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Thursday, January 24, 2019

Talking Heads: Stop Making Sense


1) Psycho Killer; 2) Heaven; 3) Thank You For Sending Me An Angel; 4) Found A Job; 5) Slippery People; 6) Burning Down The House; 7) Life During Wartime; 8) Making Flippy Floppy; 9) Swamp; 10) What A Day That Was; 11) This Must Be The Place (Naive Melody); 12) Once In A Lifetime; 13) Genius Of Love; 14) Girlfriend Is Better; 15) Take Me To The River; 16) Crosseyed And Painless.

General verdict: Excellent live album, but listening to it without watching the movie makes about as much sense (no pun intended) as reading the collected edition of Bob Dylanʼs lyrics on paper.

If you have never listened to Stop Making Sense as the second live album by Talking Heads, this is not a tragedy — it will never hope to surpass the monumentality of The Name Of This Band. If you have never watched Stop Making Sense, the concert movie, what you need to do right now, this very instance, is drop everything you are doing (and at this moment, you are obviously wasting your time reading this review anyway, rather than pulling people out of burning buildings or something) and go watch it immediately, because, well, chances are that you might not truly understand anything about Talking Heads, New Wave, intelligent dance music, or post-1975 artistic values in general until you have been properly worked over by the movie.

I am not exactly sure if the two shows in question from which Jonathan Demme drew the material for his movie, held in December ʼ83 at one of the theaters in Hollywood, were typical of that particular tour — there must have been specific elements, conceived exclusively for the cameras; however, they were definitely a lot different from all previous concerts by the band, with a lot more emphasis on the visual / choreographic side of the business. Even on the 1980 tour, when the Heads had first padded themselves with tons of side musicians, the main reason for that was to be able to reproduce all the growing complexities on their studio albums. On Stop Making Sense, the swarms of side musicians continue to almost overwhelm the main core of the four band members — but this seems to be much more skewed toward a general effect of fussiness and camaraderie: the movie shows very well how all those extra people were needed on stage not just (and not so much) for their playing, but rather for their kick-ass behavior.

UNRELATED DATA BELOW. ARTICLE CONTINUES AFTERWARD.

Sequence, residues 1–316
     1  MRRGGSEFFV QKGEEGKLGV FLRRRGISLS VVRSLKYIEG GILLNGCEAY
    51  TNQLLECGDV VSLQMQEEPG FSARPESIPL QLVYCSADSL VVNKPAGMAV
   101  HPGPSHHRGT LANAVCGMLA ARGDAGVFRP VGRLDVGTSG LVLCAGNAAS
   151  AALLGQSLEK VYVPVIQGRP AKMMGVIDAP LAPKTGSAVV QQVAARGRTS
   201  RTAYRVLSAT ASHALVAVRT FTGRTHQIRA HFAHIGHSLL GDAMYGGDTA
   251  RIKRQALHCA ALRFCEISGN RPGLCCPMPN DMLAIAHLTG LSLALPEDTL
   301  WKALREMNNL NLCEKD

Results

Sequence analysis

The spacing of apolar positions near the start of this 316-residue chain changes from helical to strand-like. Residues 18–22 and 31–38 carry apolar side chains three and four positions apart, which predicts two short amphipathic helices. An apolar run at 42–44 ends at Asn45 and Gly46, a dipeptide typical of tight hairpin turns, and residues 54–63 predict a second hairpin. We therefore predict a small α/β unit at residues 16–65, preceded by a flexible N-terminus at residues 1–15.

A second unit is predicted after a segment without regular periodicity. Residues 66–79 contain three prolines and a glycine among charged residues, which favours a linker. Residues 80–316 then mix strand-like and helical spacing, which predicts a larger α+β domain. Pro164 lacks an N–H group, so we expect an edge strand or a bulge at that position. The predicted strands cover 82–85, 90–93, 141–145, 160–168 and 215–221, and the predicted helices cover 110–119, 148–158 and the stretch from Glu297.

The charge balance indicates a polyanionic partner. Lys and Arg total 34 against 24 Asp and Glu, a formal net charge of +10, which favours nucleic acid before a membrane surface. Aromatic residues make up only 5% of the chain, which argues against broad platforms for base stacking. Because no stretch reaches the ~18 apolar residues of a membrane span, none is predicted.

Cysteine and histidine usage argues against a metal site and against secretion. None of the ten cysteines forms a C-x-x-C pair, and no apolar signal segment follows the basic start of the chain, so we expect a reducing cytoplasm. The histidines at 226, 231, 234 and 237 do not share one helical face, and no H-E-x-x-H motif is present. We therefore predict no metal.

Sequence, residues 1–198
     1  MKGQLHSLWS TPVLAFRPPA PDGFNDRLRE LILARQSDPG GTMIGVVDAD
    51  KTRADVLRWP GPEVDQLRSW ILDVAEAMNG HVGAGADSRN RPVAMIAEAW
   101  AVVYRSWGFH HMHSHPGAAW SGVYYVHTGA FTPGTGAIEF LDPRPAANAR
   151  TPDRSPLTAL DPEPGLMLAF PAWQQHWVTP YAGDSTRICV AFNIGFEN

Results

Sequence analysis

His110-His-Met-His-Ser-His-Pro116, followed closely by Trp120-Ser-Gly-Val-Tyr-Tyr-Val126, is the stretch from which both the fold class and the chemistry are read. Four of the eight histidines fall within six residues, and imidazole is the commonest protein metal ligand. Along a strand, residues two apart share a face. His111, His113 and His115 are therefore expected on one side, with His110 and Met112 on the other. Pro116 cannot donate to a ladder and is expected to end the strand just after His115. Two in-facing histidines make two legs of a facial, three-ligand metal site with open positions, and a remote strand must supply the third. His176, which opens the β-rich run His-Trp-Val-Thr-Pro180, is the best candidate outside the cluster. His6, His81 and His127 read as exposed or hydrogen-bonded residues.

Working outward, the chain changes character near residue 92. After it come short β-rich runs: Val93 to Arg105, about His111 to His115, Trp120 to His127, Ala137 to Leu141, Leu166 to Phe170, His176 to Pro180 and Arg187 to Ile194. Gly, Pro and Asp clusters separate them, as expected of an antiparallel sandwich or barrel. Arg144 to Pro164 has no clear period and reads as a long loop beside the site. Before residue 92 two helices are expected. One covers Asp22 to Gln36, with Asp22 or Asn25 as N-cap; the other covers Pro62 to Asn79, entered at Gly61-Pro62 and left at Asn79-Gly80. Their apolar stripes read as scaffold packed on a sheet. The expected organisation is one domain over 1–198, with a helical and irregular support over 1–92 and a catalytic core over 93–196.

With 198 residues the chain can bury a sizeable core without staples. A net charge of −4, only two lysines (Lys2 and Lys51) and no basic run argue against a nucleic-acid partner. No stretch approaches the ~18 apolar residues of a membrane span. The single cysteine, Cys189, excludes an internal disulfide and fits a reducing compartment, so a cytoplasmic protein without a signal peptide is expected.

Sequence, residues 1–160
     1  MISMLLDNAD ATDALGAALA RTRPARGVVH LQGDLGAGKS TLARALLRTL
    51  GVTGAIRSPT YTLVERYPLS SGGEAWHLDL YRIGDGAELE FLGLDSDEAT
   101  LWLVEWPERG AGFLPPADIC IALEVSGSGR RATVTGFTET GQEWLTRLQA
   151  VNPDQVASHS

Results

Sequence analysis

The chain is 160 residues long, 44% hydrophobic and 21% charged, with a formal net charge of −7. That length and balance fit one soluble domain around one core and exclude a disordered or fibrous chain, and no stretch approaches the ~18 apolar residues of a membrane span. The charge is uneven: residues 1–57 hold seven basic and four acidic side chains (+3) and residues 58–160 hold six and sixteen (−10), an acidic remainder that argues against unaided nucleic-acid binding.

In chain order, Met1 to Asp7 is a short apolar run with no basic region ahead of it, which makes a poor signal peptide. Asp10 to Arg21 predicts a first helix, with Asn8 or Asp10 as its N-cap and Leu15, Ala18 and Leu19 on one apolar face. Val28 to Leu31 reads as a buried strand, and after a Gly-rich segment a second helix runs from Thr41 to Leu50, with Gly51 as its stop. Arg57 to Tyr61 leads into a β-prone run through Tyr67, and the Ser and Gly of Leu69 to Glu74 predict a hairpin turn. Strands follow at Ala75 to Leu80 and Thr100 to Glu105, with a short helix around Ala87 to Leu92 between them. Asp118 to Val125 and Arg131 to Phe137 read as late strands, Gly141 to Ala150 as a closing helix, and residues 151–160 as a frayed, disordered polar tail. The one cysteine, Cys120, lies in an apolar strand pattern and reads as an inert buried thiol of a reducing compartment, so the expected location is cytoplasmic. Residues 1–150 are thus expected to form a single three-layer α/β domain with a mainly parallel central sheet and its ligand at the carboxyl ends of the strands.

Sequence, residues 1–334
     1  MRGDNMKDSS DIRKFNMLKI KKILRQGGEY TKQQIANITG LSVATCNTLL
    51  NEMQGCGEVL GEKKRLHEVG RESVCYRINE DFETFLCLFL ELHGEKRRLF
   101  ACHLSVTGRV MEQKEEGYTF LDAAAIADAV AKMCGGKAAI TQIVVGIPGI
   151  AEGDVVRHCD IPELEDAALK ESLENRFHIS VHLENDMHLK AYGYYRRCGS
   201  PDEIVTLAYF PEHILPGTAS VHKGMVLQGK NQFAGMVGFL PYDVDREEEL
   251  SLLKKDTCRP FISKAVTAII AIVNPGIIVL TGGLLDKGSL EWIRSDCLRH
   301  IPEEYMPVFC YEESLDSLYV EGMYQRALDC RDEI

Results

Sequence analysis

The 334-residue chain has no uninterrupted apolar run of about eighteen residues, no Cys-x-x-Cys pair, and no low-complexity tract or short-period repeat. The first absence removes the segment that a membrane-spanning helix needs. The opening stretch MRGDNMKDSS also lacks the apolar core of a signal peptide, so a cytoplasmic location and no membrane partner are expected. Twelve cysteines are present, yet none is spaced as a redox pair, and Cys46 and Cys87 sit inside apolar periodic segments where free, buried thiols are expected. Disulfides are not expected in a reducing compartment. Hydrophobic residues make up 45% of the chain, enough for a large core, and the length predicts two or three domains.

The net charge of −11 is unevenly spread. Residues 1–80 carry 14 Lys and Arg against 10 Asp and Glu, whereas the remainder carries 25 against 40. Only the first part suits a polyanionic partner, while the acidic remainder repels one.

Above everything else, though, this is David Byrneʼs show: every single song, with the natural exception of ʽGenius Of Loveʼ, belongs to him 100% of the time, even when he is neither singing nor playing. Speaking of playing, he has dropped his guitar for more than half of the songs on here — now that there are so many side players, he really does not need it that much — in favor of jumping, running, mugging, rolling around, playing games with Big Suits or Electric Lamps, setting up slideshows, you name it. This is Rock Theater in a way that you probably have not seen since the heyday of Alice Cooper and Peter Gabrielʼs Genesis, only with an updated and mdernized sensitivity that (unlike elements of Aliceʼs and Peterʼs shows) has not aged one day even thirty-five years later: rewatching the movie recently, I was struck by how not a single frame, not a single movement by anybody in the picture could make me go «oh, thatʼs a bit of Eightiesʼ corniness out there». Was the movie ahead of its time? Probably not; but no other experience has managed to catch up with it in all the time thatʼs elapsed since then.

As good as the audio soundtrack is, it does not convey the almost perversely manipulated excite­ment that grows and grows as you watch the show slowly unfold before your eyes. Life begins from an egg hatched inside Byrneʼs boombox as he gives you the most minimalistic performance of ʽPsycho Killerʼ ever (and no audio track can give you the spazz moves he makes at the end of the song, as if being pummelled over and over again by an invisible enemy). Life goes on as Tina joins him on bass for an almost equally stripped down rendition of ʽHeavenʼ; life gallops on as Frantz hops onstage for a short, but rousing take on ʽThank You For Sending Me An Angelʼ; life becomes a familiar guitar-weaving pattern as Jerry joins David for ʽFound A Jobʼ (again, far from the best rendition aurally — the coda is much too short and simplified — but impossible to look away); and then life ascends to properly climactic heights on the next three songs. The backup singers, Ednah Holt and Lynn Mabry, grinning demonically and playing air guitar like a mirror image to David on ʽSlippery Peopleʼ; David and Alex Weir running on the spot and tearing up the strings on ʽBurning Down The Houseʼ; and, of course, Byrneʼs aerobics in (and particularly the little snake dance on the second verse of) ʽLife During Wartimeʼ — these are all iconic images that cannot be erased from oneʼs memory.